No, not THAT campaign.

The Sunflower has its own campaign (and it includes amongst its supporters Jamie Dornan a useful man to have should it come down to chaining protestors to the railings).

On Twitter you can follow them:


There is also the seeds of a broader campaign being sowed at present, email if you are interested in being kept in the loop. It is hoped that when/if numbers hit a practical level there'll be meetings, discussions and airings of alternative plans.

If this interests you in general then you could touch base with the Ulster Architectural Heritage Society. They've been working tirelessly for years trying to save architectural gems:

3/ Write
Write to the planning dept (  ,ref no LA04/2015/0577/O  ), your MLA, councillors and/or newspapers and keep the momentum going.

Now, as good as the photos look of the regeneration plans it should be pointed out that so did the proposed plans for Glasgow's redevelopment in the 60's




The reality:

Of course it's a bit mean to be so harsh on Sir Basil Spence's work, there were many reasons that led to the demise of the flats, but I'm simply trying to highlight that shiny new plans and proposals are no guarantee of good end product especially as we DO have examples of fantastic end products in places like The Merchant City.

We're not asking for a lot. We can have regeneration AND our heritage. No one needs to lose, certainly not Belfast.



Thursday, 2 October 2014

Santa Isn't Real and Other Hard Truths

"On his time as Minister for Culture, Arts and Leisure he (Poots) told me that his greatest achievement was ‘burying the Irish language act’ as he believes there was ‘precious little demand for outside of republican circles’... " - David McCann's interview with Edwin Poots on Slugger O'Toole

Despite all the time I waste on forums and blogs listening to the same old thing some people are convinced that I haven't heard every argument regarding the controversial topic of the public use of the Irish language by republicans and the damage this does for the language's prospects in Northern Ireland.

So, with that in mind I'll address all of the non-convincing arguments that I've heard over the years and stick them here, as a reference of sorts.


As things stand now most unionists/Protestants see a strong association between the Irish language and republicanism, especially Sinn Fein and the IRA.

Look closely and you'll see a subtle association...
That is that.

The bottom line.

 End of.

Case closed.

There's no point in denying this cos that's the way it is at the moment.



This is true to an extent, mainly as a response to Catholic Irish nationalism BUT it is also a straw man argument ( ).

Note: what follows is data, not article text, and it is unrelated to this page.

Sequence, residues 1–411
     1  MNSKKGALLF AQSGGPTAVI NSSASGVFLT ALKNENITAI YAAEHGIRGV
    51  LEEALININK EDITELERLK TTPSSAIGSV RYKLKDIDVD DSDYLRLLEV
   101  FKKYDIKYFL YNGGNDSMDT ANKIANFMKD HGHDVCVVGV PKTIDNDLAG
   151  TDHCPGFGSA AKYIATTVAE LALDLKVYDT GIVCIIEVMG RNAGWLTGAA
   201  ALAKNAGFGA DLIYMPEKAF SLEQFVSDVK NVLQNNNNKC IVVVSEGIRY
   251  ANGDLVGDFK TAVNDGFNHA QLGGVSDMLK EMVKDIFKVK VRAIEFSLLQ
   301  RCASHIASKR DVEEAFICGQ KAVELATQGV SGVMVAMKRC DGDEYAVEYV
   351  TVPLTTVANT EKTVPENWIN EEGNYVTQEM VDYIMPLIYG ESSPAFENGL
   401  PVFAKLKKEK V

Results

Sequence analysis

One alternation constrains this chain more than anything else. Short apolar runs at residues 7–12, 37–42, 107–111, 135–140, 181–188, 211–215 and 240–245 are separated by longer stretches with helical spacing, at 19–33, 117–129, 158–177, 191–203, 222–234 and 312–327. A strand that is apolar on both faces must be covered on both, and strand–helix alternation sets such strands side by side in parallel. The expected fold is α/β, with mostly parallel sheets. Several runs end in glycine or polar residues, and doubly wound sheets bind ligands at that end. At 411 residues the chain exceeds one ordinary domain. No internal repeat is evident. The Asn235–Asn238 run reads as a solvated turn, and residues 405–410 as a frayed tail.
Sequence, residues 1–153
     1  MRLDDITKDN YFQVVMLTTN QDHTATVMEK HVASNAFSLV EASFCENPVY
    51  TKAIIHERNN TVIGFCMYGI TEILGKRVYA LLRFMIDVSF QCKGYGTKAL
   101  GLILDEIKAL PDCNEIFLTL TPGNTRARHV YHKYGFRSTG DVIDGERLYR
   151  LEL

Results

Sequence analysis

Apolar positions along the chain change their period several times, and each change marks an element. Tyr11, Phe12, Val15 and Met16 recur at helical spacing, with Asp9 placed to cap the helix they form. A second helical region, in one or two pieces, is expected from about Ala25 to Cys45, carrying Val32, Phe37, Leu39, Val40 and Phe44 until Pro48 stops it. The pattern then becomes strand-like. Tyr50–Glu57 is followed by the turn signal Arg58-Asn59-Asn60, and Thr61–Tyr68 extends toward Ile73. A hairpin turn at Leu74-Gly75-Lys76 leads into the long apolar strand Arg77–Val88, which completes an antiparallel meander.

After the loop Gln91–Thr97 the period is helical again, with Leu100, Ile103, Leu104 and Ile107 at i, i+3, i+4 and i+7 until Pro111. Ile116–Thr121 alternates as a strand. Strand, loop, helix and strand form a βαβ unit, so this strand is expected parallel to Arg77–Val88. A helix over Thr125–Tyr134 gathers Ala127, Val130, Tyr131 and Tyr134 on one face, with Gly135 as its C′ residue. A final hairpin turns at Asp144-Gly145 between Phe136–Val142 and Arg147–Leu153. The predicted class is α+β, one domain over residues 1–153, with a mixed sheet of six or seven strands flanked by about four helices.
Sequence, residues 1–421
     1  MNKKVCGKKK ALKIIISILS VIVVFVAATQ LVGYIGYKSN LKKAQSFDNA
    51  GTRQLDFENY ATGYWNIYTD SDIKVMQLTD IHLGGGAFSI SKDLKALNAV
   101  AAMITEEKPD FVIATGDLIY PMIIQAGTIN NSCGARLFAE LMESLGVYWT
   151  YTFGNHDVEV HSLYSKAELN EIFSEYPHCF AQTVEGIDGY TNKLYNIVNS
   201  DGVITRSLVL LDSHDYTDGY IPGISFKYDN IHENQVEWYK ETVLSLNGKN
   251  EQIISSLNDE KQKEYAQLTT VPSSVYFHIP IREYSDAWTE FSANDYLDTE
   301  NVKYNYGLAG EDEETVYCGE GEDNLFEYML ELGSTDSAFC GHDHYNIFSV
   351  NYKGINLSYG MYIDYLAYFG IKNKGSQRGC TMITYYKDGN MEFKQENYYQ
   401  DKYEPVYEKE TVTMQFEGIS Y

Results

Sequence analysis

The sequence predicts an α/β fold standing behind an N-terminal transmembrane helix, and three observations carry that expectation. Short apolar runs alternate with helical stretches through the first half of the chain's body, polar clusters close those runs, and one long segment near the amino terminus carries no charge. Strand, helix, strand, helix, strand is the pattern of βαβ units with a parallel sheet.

In this case, while it is true that unionism went cold on Gaelic a long time ago this point simply ignores the original claim which  is that nowadays most Protestants/unionists feel it is linked with republicanism.
This is where we are now.

These are two different points.

The fact that unionism let go of its Irish heritage following partition is a separate topic altogether from the argument of association, in this case the association between SF (republicans) and Irish.

And if you think there are no grounds for claiming association then please glance through the following few choice photos:

Republican SF: Not. Helping.



Gerry Adams. Gaeilge. Gerry Adams. Gaeilge. Gerry Adams. Gaeilge....


Took a wee while didn't it?

So, it's not unfair to say that there a perception of a link between the Irish language and SF/republicanism.

The only people who could claim otherwise would be Robert Shapiro (OJ Simpson's lawyer) or people suffering from delusion.


That is correct.

Thankfully there is not.

In Scotland the majority of Gaelic speakers are Protestants, mainly Presbyterians in fact.

In addition, no terrorist group or significant political party in Scotland has used Gaelic in the way or to the extent that some groups in Ireland have.

So the comparison is a duff one, it simply doesn't compare.


Well hats off to them then.

Keeping a language alive is a commendable feat.

Equally commendable is the ability to admit that the survival stage is over and that the 'expansion' stage should begin.

In the business world it is common enough to find company founders who will step aside once the company has hit a certain level e.g. Richard Branson.

Why? Because they understand that certain stages of a company's growth requires certain skills and outlooks.

Why is it beyond question that SF's stewardship is absolutely what is necessary for the next stage of the language's development?

We are at a stage where there is a small awakening amongst some Protestants and unionists regarding their Gaelic history and where an Irish Language Act is the aspiration of many people in the land.

Given that many unionist politicians have an axe to grind with SF then surely the development of the language is hampered by its association with SF i.e. unionists use it as a stick to beat SF with?

So, the language is held back on this account.

Perhaps it's time to take the stabilisers off and let the language progress to the next stage?

If beating the language down because it is seen as a republican thing is something unionists like to do then it will be very difficult to advance the interests of the language, ergo does it not make sense to break this association for the good of the language?

Branson: Knows when to hand the reins to someone else



Anyone who can cause a mass conversion of a group of people with a simple act should consider a career in either marketing or televangelism.

A more realistic way of looking at it will be that slowly but surely the language will lose some of its tainted features and gradually become more acceptable to people within the Protestant community who may have been a bit 'iffy' about the language beforehand.

And with such a change comes the advancement of the language within our society.

To bemoan the idea that SF drop the language on a Monday and that Carrickfergus is not then speaking Irish on a Wednesday is a very weak foundation for an argument.

Unlikely to happen overnight, but...



Sinn Fein's involvement hasn't put THEM off (and fair play to them, keep up the good work) that really doesn't account for the others who ARE put off by Sinn Fein's involvement.